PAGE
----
In the area of neuroscience alone there have been major breakthroughs offering those with substance abuse problems a great deal of hope. We now understand more about how the brain works and its role in substance problems. Specifically, we now know that our brains are constantly evolving, even as adults. Instead of the concept of “permanent brain damage” or that our brains only grow in our formative years, we have learned that our brains create new pathways long into adulthood. What this means is that we can develop new patterns of behavior if we practice new activities and if we get the proper help. In the area of substance abuse, especially drug dependence, this means that given help and time and sometimes medication, plus concerted effort and measures to safeguard against returning to substance use, brains can heal from the effects of drugs.
If your partner is already in recovery in some form you have even more reason to feel hopeful. Even if she has relapsed many times, the fact that she has admitted she has a problem and has reached out for help is half the battle. Most experts in recovery now understand that relapse is actually a natural part of recovery so you can play an important role in her ongoing recovery by not giving up on her.
And thanks to new research, we now know that family members and others important to a substance abuser can all have a positive impact on his motivation. CRAFT—Community Reinforcement and Family Training—is a scientifically supported, evidence-based approach to helping families of substance abusers.
A group of researchers in Illinois, led by behavioral psychologist Nathan Azrin, developed what is considered the most effective behavioral treatment for substance users—the Community Reinforcement Approach (CRA). In the process, they discovered that family involvement was a crucial factor in successful change. Meyers expanded the CRA approach to work with families when their loved one refused help, and called it CRAFT. After moving to the Center on Alcoholism, Substance Abuse and Addictions (CASAA) at the University of New Mexico, Dr. Meyers conducted further research and clinical trials (teaming with Jane Ellen Smith, Ph.D.). Their work has now given us ample evidence that given the right tools, family can affect change.
CRAFT is designed specifically to empower family members. It teaches them how to take control of their lives, and to change their interactions with the substance abuser in ways that promote positive behavioral change. Clinical trials on CRAFT have shown that when family members use these positive, supportive, non-confrontational techniques, not only do they find ways to get their loved one into treatment, but the family members themselves feel better—specifically showing decreases in depression, anger, anxiety, and medical problems. Clinical trials also have shown that family members benefit emotionally even if their loved one does not enter treatment.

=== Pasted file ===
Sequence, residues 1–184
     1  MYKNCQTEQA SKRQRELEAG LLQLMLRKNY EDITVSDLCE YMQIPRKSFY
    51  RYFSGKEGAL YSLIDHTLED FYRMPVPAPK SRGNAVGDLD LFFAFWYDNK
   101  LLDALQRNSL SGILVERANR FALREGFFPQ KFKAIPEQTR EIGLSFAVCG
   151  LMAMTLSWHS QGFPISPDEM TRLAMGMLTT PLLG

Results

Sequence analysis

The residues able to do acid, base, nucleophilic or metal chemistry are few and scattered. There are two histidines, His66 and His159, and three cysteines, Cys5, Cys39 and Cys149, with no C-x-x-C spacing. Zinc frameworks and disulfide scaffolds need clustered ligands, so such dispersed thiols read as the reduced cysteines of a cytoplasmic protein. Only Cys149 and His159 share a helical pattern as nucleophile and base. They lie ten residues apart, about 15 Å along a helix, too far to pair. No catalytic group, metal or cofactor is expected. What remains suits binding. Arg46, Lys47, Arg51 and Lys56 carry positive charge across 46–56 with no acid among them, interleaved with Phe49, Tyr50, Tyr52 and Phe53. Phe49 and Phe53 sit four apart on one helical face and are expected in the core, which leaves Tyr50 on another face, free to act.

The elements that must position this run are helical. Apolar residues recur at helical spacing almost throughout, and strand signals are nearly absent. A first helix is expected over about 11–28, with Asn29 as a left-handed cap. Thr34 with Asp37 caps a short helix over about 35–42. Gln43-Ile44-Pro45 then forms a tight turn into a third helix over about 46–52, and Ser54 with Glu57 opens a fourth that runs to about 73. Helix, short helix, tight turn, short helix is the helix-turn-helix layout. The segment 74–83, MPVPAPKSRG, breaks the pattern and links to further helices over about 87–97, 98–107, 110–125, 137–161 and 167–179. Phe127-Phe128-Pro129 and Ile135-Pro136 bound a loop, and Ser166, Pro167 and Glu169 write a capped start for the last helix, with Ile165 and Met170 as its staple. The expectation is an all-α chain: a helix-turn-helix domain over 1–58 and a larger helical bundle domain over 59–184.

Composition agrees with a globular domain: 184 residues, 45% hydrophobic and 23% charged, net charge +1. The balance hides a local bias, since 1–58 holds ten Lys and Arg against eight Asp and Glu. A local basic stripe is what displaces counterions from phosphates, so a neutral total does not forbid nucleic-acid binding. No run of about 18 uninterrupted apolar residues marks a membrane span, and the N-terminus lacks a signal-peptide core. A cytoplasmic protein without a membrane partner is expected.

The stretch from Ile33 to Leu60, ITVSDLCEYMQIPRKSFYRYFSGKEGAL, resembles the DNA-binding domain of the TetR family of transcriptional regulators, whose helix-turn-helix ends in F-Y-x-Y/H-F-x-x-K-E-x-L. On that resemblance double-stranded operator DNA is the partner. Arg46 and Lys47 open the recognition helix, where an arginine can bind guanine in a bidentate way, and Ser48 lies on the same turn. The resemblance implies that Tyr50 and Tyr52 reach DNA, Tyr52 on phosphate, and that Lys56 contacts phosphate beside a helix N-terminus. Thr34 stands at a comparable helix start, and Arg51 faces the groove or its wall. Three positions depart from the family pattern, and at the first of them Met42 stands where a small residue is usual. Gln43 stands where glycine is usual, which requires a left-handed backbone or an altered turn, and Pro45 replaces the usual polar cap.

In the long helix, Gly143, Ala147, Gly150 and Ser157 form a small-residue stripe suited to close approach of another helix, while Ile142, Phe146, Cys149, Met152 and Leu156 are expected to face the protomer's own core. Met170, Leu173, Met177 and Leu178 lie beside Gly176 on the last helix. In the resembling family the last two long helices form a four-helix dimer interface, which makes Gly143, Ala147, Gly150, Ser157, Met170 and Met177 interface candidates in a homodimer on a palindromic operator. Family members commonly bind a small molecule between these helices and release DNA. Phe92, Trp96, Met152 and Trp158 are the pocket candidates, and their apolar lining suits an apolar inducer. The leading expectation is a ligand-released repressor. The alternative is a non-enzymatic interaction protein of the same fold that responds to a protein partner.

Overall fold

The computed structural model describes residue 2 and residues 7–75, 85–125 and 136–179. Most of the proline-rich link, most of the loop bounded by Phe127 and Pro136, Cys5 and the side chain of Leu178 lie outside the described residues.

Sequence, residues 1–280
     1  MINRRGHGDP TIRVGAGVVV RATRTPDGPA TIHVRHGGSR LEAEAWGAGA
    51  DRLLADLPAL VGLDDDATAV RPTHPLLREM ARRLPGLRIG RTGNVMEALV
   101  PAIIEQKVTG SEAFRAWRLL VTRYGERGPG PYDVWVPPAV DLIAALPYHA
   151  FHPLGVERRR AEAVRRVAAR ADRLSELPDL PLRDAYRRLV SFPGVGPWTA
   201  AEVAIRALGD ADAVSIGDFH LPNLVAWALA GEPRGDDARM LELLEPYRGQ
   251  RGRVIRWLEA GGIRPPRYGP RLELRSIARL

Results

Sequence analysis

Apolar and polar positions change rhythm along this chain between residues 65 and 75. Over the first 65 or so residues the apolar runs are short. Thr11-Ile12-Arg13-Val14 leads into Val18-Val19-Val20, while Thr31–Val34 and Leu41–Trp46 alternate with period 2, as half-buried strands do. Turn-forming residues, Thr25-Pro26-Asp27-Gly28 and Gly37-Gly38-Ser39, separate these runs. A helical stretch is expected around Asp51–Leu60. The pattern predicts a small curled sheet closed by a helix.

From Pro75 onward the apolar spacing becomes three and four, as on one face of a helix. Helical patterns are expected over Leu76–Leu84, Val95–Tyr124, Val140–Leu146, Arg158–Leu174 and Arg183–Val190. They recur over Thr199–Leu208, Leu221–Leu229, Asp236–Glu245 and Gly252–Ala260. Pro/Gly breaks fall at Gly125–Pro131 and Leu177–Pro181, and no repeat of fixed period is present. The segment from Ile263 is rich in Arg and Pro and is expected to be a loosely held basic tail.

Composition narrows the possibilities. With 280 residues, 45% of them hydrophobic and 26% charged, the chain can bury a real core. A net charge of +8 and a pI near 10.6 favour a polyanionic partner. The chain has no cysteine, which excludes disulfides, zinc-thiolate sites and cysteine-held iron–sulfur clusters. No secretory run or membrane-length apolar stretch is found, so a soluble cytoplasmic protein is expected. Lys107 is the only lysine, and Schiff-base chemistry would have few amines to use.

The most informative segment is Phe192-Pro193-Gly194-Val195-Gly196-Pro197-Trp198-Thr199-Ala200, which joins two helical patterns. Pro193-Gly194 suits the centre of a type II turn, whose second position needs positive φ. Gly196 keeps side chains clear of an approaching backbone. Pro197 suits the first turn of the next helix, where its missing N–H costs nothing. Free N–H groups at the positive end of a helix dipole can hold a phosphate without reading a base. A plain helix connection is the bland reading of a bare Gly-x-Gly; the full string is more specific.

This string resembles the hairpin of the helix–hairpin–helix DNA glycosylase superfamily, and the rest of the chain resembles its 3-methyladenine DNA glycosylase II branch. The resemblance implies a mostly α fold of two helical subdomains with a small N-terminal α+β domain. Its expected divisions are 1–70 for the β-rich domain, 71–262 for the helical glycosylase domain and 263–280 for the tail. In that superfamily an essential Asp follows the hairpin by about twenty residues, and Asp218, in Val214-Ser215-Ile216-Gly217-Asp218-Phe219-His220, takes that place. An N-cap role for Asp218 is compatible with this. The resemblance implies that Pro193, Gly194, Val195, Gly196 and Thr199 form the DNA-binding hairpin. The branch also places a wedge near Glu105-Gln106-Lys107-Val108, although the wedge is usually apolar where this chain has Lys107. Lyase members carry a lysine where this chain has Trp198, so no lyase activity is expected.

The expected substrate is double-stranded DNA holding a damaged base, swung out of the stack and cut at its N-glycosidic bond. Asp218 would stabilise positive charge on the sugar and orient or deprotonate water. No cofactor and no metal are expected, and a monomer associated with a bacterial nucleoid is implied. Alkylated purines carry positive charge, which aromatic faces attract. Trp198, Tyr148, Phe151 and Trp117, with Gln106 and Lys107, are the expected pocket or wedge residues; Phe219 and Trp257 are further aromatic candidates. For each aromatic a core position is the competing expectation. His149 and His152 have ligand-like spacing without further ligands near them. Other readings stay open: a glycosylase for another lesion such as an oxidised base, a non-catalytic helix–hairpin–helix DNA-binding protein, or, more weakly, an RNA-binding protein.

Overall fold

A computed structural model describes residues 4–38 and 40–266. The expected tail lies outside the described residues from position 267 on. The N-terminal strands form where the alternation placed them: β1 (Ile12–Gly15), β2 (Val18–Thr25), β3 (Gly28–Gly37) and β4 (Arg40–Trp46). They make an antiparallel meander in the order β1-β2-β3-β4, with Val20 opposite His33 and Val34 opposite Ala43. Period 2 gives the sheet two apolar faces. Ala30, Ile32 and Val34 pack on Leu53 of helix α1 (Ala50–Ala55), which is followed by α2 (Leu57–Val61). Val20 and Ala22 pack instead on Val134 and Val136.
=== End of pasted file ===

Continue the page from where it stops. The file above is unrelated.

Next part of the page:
Compassion as a Key to Healing
Compassion is the most powerful tool you can have when it comes to healing addictions of any kind. In other words, what your loved one needs the most from you is compassion.
The word compassion comes from the Latin roots com (with) and pati (suffer), so it denotes “suffering with” another person. When we offer someone genuine compassion, we join them in their suffering.
When we join someone in their suffering, we provide them with not one, but five healing gifts:
- We let them know we really see them and we recognize their suffering. One of the most powerful needs for humans is to be seen. This is especially true for those with a substance abuse problem who were often victims of childhood neglect and abuse and who often felt invisible within their families. When we offer someone compassion, we give them the gift of seeing them and recognizing their pain.
- We let the person know that we hear them. Being heard is another primal need for humans. Again, it is a need that often went unmet for those with substance abuse issues who often felt that their needs, wants, and feelings went unheard.
- We confirm to the person that we recognize their suffering and that he has a right to express his pain, sadness, fear, anger, or any other emotion due to his suffering. In other words, we validate or confirm the other person’s experience of suffering. We don’t deny, minimize, ignore, or otherwise invalidate it, which is what he may have grown accustomed to when he was a child and what he may continue to expect.
- We let him know we care about him as a human being; we care about the fact that he suffered and is still suffering. Respect and care for his humanity may have been in short supply when he was a child and it is a gift to have this birthright restored.